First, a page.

Rice was the crop I discovered and it became central to my project. Rice also allowed me to look at the historical timeline of industrial crop monoculture in Lowcountry South Carolina for interesting parallels in Suriname, since the colonial Dutch brought slaves from the same ports in West Africa to do the same work in a similar environment. Along the west African coast, rice was grown among the mangroves using a method called tidal cultivation. This was the first method used in both regions, before the slave population had to cut down the mangroves to expand growing areas. The key to making it work was their expertise in building embankments to prevent salt water incursions and working with the tides to ensure a fresh water supply. With this highly skilled population, the colonial system was able to survive until the later importation of Asian rice (oryza sativa, which grows faster than African rice, oryza glaberrima).

Rice was not planted in Portugal, England or Holland at the time when Brazil, South Carolina and Suriname were made colonies. Nonetheless, plantation owners have traditionally taken credit for the crop’s introduction and establishment. Descendants of runaway slaves in the Guianas, however, hold a contrasting view. They attribute the introduction of rice to an enslaved African woman.

When African slaves were first taken to Suriname from the Senegal-Gambia-Ivory Coast region, traditional rice growing areas, seeds of rice and other crops were hidden in the hair of captured women. Rice and various other food crops from West Africa found their way to a number of regions throughout the greater Caribbean from the southern US to Central and South America.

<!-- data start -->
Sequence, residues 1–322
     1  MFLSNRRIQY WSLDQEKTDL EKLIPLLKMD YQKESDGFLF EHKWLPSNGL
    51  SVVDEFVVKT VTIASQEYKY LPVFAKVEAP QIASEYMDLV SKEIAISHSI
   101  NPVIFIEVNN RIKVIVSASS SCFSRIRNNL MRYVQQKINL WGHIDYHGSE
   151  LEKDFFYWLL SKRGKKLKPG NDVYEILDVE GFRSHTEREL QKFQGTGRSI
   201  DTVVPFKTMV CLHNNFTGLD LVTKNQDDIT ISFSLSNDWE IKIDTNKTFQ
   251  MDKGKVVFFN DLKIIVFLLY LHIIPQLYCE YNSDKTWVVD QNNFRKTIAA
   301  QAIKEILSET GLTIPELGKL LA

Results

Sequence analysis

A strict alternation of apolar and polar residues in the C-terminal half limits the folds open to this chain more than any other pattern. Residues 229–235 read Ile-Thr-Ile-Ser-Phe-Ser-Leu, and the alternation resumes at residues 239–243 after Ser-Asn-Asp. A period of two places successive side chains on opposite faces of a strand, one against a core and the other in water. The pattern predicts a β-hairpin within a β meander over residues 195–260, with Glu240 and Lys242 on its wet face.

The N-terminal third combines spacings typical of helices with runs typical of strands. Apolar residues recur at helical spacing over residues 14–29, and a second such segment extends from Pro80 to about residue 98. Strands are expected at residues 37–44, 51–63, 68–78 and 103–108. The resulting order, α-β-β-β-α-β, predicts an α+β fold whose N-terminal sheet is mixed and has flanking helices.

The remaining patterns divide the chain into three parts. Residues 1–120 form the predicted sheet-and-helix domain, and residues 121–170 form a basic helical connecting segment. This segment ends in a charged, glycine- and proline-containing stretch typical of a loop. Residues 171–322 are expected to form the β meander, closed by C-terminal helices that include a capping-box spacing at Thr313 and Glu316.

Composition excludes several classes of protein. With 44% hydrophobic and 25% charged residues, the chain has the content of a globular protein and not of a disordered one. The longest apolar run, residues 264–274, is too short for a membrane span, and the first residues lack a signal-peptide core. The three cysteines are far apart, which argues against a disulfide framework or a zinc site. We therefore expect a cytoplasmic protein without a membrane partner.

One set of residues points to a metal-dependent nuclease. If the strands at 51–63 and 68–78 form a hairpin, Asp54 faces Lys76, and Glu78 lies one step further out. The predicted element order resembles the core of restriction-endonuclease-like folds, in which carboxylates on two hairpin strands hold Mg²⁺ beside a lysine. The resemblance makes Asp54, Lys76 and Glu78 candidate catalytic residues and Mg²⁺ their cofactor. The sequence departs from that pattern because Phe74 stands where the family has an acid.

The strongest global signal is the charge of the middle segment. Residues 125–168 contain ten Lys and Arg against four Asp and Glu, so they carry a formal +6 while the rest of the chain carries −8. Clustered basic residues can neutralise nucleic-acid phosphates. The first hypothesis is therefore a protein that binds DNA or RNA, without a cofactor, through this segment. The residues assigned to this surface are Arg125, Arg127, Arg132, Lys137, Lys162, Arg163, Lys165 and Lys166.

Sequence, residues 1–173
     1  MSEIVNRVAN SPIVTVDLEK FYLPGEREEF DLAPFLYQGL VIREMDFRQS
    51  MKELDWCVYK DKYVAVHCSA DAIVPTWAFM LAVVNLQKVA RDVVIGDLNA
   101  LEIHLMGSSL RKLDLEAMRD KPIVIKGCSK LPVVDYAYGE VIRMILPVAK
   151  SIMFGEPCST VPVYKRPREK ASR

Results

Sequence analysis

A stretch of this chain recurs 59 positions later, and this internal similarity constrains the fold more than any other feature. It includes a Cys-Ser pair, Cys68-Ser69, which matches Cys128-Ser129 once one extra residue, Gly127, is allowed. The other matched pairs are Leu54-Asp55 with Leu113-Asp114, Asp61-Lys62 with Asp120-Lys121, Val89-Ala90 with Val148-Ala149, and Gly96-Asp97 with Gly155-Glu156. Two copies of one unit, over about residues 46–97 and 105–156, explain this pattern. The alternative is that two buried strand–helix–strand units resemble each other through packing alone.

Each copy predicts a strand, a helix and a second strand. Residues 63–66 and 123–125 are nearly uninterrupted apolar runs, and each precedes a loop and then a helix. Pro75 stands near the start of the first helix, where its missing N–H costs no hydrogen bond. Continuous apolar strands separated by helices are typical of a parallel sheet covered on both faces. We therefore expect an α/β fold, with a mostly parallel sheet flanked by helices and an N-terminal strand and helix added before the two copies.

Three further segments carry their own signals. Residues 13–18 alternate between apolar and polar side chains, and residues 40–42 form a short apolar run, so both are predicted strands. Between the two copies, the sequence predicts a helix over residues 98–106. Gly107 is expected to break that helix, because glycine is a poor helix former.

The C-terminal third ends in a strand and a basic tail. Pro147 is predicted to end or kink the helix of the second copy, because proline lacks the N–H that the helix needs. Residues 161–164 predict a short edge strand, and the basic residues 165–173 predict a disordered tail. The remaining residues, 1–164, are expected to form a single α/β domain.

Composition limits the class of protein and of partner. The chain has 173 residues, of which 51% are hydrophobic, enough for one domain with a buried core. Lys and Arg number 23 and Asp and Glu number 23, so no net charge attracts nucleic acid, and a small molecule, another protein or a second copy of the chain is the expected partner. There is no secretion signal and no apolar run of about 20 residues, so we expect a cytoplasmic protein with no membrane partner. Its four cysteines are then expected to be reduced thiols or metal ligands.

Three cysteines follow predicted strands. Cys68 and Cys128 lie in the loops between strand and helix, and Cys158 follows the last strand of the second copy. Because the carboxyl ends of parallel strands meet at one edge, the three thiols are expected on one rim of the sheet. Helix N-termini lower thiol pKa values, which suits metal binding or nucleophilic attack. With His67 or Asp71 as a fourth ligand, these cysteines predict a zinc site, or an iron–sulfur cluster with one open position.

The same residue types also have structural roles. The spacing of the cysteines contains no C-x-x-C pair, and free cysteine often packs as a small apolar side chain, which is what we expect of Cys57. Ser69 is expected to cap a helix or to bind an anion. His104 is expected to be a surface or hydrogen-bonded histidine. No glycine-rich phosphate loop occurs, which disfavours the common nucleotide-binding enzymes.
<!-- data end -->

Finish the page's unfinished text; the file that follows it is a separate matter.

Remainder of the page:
From Suriname to Cayenne and across the Amazon to the Brazilian states of Amapa, Para and Maranhao, an oral tradition claims that an African woman introduced rice by hiding grains in her hair. The precious seeds escaped detection and this, they explain, is how rice came to be planted. Even the rice plantation economy of colonial South Carolina suggests a similar account. In 1726 Swiss correspondent, Jean Watt, noted that ‘It was by a woman that rice was transplanted into Carolina’.

So, how has this project been developed within my practice?

“Plantage Katwijk” watercolor, collage on paper (artist book page), 6 x 12 in. / 15.2 x 30.5 cm, © 2017